But there appears to be a connection, even if it’s obvious: Teams with better offenses are more likely to succeed than teams with worse offenses.

If you slice things even thinner, the top 10 percent of projected offenses per game converted at a whopping 59 percent. Projected offenses in the lower third come in just above 40 percent. A big difference!

Does that mean bad offenses should almost never go for two?

Not quite. On Dec. 31, the lowly New York Giants scored against the favored Los Angeles Rams to cut the lead to one with over three minutes left and, after a Rams penalty put the ball on the 1, decided to go for two instead of the tie and a chance of overtime. Let’s imagine thatthe offensively challenged Giants had a 40 percent of converting the attempt. You might think overtime would be more appealing — until you consider that underdogs of 3 or more points have won overtime only 41 percent of the time since overtime rules were revised in 2017.

In fact, the math would suggest it’s smart for underdogs to play for the win because bigger swings in a shorter time span (more variance, in stat-speak) increase the chances of an upset. Coaches have embraced this, being more risk-friendly when they are underdogs.

So the coach must make a big difference.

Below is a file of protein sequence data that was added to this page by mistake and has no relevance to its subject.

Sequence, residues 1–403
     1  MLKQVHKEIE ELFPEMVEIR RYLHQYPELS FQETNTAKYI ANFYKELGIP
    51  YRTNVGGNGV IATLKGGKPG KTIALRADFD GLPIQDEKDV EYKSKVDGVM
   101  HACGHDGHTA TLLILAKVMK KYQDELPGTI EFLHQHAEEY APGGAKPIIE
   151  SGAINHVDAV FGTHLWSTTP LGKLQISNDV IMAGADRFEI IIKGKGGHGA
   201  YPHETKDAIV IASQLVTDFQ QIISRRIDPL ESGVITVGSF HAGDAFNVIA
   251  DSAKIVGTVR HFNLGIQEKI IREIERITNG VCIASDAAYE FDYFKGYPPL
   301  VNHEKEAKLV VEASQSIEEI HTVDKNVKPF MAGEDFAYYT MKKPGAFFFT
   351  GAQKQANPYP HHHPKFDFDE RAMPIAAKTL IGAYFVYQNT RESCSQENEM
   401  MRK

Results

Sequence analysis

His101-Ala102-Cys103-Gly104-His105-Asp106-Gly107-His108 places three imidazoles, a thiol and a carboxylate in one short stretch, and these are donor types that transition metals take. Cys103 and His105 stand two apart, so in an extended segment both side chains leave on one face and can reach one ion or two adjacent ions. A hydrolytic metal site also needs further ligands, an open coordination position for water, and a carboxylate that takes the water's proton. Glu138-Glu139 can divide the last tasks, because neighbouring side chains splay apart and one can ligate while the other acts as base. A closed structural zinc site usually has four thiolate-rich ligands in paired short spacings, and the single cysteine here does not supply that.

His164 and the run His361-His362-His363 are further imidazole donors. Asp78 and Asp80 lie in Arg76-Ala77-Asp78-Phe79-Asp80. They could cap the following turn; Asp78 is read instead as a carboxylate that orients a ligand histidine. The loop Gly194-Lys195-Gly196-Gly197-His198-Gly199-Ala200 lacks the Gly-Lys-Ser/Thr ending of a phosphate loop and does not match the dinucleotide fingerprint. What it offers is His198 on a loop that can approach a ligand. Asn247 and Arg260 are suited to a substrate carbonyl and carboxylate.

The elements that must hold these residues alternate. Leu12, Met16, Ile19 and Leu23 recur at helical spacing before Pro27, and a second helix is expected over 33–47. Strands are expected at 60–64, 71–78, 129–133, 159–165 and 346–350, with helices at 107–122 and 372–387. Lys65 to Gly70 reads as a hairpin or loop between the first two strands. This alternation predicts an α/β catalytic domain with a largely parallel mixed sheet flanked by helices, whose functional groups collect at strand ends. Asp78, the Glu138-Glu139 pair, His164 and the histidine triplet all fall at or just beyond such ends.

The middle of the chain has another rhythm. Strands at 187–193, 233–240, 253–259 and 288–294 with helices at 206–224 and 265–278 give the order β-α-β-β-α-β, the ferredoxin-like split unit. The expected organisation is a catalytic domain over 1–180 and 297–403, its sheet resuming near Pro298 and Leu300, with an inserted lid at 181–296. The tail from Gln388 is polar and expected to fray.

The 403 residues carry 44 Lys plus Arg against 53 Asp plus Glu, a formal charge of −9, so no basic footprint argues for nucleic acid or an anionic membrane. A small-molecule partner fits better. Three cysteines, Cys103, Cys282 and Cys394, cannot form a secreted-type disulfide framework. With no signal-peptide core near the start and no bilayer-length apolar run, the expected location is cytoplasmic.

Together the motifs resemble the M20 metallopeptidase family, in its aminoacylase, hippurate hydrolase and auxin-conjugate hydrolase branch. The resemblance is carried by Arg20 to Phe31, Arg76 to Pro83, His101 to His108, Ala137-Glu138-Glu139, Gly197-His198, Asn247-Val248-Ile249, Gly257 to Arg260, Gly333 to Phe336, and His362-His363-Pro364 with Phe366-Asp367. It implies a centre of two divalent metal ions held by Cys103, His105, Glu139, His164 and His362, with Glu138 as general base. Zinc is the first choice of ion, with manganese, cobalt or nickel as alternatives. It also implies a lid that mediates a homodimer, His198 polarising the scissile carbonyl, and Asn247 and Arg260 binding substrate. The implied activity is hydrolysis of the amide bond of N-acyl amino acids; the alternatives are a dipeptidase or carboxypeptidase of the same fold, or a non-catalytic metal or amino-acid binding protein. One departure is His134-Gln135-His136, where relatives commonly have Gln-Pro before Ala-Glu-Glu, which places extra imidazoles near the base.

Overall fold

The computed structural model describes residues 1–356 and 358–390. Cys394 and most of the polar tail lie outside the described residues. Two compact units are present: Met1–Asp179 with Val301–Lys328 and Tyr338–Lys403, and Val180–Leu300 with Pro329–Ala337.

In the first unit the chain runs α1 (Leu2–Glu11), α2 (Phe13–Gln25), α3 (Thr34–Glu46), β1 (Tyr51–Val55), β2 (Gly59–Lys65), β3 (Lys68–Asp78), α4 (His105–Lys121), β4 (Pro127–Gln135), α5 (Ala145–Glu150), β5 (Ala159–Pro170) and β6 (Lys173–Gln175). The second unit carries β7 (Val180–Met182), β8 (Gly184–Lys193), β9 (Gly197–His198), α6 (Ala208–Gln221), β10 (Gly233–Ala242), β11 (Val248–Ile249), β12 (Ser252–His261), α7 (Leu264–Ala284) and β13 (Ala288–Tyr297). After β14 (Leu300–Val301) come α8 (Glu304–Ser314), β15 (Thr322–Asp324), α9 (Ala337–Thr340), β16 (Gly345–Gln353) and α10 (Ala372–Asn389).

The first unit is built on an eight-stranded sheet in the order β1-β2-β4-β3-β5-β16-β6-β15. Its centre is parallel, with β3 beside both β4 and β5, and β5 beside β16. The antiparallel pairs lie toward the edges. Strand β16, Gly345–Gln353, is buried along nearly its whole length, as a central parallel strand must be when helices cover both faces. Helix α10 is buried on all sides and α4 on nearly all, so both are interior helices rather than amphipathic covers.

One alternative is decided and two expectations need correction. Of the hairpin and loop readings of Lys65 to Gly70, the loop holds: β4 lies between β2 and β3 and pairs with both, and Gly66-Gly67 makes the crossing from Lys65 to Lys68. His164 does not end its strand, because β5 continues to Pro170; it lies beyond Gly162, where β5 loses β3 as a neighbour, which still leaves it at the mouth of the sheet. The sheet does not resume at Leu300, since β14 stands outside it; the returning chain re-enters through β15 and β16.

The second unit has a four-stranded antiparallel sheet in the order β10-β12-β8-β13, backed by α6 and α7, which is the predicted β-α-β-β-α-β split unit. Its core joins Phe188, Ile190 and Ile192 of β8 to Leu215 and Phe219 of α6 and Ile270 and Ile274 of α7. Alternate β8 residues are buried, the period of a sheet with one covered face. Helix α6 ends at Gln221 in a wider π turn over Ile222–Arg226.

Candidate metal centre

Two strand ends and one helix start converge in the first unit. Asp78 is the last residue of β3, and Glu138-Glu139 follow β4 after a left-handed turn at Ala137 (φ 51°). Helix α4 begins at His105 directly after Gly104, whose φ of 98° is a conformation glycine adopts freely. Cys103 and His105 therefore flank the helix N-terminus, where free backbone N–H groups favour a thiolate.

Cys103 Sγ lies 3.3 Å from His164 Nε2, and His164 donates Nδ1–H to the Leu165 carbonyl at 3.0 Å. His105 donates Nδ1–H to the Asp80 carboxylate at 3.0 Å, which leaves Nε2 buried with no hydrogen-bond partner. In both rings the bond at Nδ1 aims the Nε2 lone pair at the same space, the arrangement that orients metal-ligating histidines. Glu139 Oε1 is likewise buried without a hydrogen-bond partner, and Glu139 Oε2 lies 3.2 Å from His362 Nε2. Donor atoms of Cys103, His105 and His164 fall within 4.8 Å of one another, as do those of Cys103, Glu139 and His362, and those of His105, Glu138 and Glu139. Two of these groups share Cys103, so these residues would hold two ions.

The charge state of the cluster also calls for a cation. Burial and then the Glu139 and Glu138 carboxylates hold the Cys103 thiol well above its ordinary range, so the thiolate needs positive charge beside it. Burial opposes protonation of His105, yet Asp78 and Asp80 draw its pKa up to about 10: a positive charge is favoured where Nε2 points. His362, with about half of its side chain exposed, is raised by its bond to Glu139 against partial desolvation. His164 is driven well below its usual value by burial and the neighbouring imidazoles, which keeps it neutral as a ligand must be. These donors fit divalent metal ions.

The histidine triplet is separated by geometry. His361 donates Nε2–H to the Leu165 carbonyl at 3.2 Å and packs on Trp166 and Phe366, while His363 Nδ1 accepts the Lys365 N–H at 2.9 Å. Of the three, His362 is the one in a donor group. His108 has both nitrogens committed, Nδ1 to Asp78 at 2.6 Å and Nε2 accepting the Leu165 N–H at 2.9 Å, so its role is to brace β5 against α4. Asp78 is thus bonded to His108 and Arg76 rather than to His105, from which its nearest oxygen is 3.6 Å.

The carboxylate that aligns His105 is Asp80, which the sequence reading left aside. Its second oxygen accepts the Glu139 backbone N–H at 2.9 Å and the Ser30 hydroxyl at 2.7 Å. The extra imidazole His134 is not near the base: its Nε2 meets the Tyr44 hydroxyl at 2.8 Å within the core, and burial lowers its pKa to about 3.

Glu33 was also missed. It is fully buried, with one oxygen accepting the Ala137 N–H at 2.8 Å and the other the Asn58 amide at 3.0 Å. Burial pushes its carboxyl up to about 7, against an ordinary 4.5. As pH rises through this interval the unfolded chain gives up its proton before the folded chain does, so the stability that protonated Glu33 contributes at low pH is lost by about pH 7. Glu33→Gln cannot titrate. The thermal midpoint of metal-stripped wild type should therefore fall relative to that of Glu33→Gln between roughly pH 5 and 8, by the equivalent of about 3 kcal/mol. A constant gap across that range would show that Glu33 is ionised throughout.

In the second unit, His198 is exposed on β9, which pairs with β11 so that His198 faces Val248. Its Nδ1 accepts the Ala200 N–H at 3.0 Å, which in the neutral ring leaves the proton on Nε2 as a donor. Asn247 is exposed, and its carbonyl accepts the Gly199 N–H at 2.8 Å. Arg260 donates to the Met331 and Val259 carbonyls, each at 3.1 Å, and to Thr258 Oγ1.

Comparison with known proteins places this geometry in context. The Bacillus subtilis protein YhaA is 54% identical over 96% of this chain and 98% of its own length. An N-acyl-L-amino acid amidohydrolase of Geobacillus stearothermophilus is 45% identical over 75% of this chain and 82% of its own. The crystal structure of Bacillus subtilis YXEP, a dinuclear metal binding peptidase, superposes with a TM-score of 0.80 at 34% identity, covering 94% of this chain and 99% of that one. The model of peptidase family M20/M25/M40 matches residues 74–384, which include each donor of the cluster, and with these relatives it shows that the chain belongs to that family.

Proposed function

Yes. This year Jonathan Gannon, the first-year coach of the Arizona Cardinals, went for two on 36 percent of all touchdowns. By comparison, Kyle Shanahan of the 49ers did not attempt a 2-point conversion on any of his team’s league-leading 61 touchdowns.

This difference is partly because of differences in teams’ strengths, records and game situations, but not entirely. As coach of the Philadelphia Eagles, Doug Pederson went for two 37 percent of the time in 2020 during his team’s 4-11-1 season, a rate that remains a season record.

But three years earlier, when his team was much better (13-3), Pederson went for it 17 percent of the time — significantly lower, but still the second-highest rate in the N.F.L. that year.

By contrast, Campbell’s Lions went for two after 12 percent of his team’s touchdowns this season.

What about when a penalty moves the line of scrimmage, as happened with the Lions?

The math certainly does not shine favorably on the Lions’ decision to go for it from the 7-yard line after a penalty moved them back from the 2. (Only about a third of attempts have been successful from that mark, the same as for fourth-and-goal attempts from that distance.)